226. Intelligence Information Cable1

TDCS DB–315/01339–71


  • Malta


  • Early March 1971


  • Remarks of Malta Labour Party Leader Dominic Mintoff on Relations with NATO and his Attitude Towards the United States and Soviet Mediterranean Fleets


  • [less than 1 line not declassified]


  • [5 lines not declassified]

1. The following remarks were made in early March 1971 by Malta Labour Party (MLP) leader Dominic Mintoff in the course of conversations concerning MLP foreign policy in the event of an MLP victory in the forthcoming Maltese parliamentary elections.

2. Since time immemorial Malta has been exploited as a strategic base by a succession of foreign rulers. Now, in a corner of the world bedeviled by power politics and warring ideologies, Malta is taking its first steps toward self-determination. Much time will be needed to convert the island’s fortress economy into peace-oriented productivity. Malta’s main problem in the 1970’s is to bring this transitional period quickly to an end. Malta’s territory and population are so small that any substantial physical presence of the armed forces of any other country not only obstructs the orderly development of the island’s economic life, but also undermines its sovereignty. For example, the establishment of a United States Air Base on Malta would turn Malta into the handmaiden of the United States Air Force. Even the current sporadic visits of the United States Sixth Fleet have already caused economic and political distortions impossible to imagine by people who live in larger lands. It is therefore evident that however much Malta might feel ideologically drawn to the West, she cannot afford to make long-term commitments in which a large portion of her territory or economy are [Page 741] devoted to the defense needs of the United States, NATO, or any Western state. This observation applies with even greater force to the Soviet Union and China.

3. Further, it should be in the Western interest to abolish the NATO base on Malta. The Sixth Fleet has been expressly designed to operate without bases, and according to the United States State Department, United States warships come to Valletta Harbor only as a goodwill gesture to boost Malta’s tourist trade. The West has every interest in preventing the USSR from establishing a base on Malta; and the sooner Malta learns to live without a base, the sooner it will be impossible for the USSR to cajole the Maltese into giving her such facilities.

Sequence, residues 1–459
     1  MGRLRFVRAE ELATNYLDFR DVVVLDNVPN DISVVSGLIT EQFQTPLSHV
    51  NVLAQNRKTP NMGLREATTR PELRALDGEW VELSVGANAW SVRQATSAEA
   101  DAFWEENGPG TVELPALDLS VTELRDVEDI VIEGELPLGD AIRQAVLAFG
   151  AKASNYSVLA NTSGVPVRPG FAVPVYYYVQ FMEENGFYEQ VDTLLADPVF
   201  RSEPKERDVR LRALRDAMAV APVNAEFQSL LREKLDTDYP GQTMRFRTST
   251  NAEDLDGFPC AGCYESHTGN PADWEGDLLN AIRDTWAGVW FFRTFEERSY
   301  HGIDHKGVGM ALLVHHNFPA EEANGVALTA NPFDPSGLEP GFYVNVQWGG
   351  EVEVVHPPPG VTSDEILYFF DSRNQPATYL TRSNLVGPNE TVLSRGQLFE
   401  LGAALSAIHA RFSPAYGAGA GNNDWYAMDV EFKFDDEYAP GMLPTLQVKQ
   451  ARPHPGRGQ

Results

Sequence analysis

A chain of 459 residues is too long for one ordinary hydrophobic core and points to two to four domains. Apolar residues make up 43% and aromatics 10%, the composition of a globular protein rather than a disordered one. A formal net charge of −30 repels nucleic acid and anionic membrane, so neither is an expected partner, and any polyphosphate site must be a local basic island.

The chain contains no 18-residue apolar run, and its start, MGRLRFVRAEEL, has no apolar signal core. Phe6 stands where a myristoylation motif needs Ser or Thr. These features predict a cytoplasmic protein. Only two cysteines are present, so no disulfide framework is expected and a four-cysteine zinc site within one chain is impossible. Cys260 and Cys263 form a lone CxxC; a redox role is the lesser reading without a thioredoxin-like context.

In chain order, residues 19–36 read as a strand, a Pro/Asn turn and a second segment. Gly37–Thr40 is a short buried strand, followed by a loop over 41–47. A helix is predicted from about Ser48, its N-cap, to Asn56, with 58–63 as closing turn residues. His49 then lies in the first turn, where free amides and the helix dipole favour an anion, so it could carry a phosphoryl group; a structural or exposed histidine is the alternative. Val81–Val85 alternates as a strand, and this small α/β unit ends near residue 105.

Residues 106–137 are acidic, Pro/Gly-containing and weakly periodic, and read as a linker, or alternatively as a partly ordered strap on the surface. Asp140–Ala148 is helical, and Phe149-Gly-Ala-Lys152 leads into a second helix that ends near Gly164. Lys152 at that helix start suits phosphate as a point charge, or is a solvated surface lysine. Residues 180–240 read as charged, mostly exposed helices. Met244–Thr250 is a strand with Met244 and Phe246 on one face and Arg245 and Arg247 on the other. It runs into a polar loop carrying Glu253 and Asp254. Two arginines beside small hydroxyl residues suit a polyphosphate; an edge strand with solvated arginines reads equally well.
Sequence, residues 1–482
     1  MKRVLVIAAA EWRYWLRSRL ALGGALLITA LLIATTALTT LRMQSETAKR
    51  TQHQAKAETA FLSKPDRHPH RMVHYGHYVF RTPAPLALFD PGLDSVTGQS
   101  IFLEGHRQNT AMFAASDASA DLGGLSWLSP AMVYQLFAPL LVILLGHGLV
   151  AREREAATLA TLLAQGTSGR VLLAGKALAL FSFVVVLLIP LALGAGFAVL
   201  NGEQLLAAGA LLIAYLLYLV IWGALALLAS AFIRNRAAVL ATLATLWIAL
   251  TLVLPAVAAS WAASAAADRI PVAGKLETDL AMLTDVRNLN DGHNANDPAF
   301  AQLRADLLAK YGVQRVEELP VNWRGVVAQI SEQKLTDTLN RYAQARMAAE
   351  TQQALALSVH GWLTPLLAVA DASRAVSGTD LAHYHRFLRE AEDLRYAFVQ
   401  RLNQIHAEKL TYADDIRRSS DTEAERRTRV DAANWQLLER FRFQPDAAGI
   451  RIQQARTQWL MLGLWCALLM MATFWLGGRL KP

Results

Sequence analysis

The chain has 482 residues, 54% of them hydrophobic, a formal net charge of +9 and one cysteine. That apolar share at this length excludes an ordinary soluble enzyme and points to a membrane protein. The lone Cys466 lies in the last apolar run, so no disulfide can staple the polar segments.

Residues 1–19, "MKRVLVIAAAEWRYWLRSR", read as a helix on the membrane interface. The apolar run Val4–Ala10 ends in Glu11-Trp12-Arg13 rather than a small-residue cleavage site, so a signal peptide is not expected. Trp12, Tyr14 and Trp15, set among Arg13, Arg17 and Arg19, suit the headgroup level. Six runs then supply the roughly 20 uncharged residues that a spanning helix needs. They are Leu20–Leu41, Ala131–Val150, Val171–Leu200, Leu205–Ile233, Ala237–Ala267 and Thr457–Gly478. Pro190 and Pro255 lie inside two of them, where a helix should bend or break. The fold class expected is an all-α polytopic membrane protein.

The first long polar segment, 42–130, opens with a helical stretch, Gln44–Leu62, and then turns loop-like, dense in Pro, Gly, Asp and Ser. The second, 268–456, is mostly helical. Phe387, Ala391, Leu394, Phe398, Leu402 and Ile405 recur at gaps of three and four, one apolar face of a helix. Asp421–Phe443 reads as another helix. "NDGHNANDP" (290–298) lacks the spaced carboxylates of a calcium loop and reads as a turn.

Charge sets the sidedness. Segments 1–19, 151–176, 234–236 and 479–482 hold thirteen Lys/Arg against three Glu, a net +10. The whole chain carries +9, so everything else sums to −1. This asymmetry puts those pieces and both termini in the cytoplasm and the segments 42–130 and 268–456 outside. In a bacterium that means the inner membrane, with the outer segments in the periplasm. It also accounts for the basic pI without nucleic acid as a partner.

4. However, it is not yet possible for Malta to survive without the employment afforded by the British base and the subvention given by the United Kingdom for the base. This is why the MLP intends, on taking office, to negotiate with the United Kingdom the revision of the present defense and financial agreements to meet the changed requirements of the two countries. For Malta to get rid of the base in the foreseeable future, she needs additional economic aid. For the United Kingdom to enjoy a base in the central Mediterranean for a definite number of years, she must be willing to pay adequate compensation.

5. In the MLP’s view, an agreement with the United Kingdom would not entitle all NATO members, and particularly not the Italians, to identical rights. This stand would mean that NATO would have to set up its southern headquarters on neighboring Italian soil. However, it would not prevent Malta from having separate talks with some NATO states for identical facilities with an identical duration as those negotiated with the United Kingdom. An agreement could be reached also with NATO in which, against compensation, NATO would be given ample time to prepare alternative and better accommodation for its present very small southern headquarters.

6. Field dissem: None.

  1. Source: National Archives, Nixon Presidential Materials, NSC Files, Box 622, Country Files—Middle East, Malta, Vol. I. Secret; [handling restriction not declassified]; Controlled Dissem; [handling restriction not declassified]; Background Use Only.